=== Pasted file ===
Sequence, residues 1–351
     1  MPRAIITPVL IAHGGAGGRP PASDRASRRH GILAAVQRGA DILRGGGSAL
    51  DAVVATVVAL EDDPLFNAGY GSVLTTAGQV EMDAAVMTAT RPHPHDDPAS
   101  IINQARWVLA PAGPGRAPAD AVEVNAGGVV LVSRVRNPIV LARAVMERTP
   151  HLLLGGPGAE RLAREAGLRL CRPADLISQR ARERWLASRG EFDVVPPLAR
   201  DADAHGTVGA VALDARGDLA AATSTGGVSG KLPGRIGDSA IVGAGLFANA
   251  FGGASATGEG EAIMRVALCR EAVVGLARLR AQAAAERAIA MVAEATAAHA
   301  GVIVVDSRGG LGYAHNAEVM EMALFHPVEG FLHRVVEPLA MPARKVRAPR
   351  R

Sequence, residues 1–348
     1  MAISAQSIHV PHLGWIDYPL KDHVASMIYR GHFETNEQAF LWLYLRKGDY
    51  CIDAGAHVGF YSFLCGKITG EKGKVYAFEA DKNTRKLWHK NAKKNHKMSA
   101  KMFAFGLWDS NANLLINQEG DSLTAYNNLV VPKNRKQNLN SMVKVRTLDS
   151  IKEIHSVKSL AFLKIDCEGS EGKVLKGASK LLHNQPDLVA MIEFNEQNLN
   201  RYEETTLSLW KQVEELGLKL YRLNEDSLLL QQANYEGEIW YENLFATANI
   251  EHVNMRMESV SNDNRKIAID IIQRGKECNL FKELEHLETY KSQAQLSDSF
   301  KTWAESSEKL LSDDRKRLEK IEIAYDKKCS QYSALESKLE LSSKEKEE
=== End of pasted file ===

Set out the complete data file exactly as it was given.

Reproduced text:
Sequence, residues 1–351
     1  MPRAIITPVL IAHGGAGGRP PASDRASRRH GILAAVQRGA DILRGGGSAL
    51  DAVVATVVAL EDDPLFNAGY GSVLTTAGQV EMDAAVMTAT RPHPHDDPAS
   101  IINQARWVLA PAGPGRAPAD AVEVNAGGVV LVSRVRNPIV LARAVMERTP
   151  HLLLGGPGAE RLAREAGLRL CRPADLISQR ARERWLASRG EFDVVPPLAR
   201  DADAHGTVGA VALDARGDLA AATSTGGVSG KLPGRIGDSA IVGAGLFANA
   251  FGGASATGEG EAIMRVALCR EAVVGLARLR AQAAAERAIA MVAEATAAHA
   301  GVIVVDSRGG LGYAHNAEVM EMALFHPVEG FLHRVVEPLA MPARKVRAPR
   351  R

Sequence, residues 1–348
     1  MAISAQSIHV PHLGWIDYPL KDHVASMIYR GHFETNEQAF LWLYLRKGDY
    51  CIDAGAHVGF YSFLCGKITG EKGKVYAFEA DKNTRKLWHK NAKKNHKMSA
   101  KMFAFGLWDS NANLLINQEG DSLTAYNNLV VPKNRKQNLN SMVKVRTLDS
   151  IKEIHSVKSL AFLKIDCEGS EGKVLKGASK LLHNQPDLVA MIEFNEQNLN
   201  RYEETTLSLW KQVEELGLKL YRLNEDSLLL QQANYEGEIW YENLFATANI
   251  EHVNMRMESV SNDNRKIAID IIQRGKECNL FKELEHLETY KSQAQLSDSF
   301  KTWAESSEKL LSDDRKRLEK IEIAYDKKCS QYSALESKLE LSSKEKEE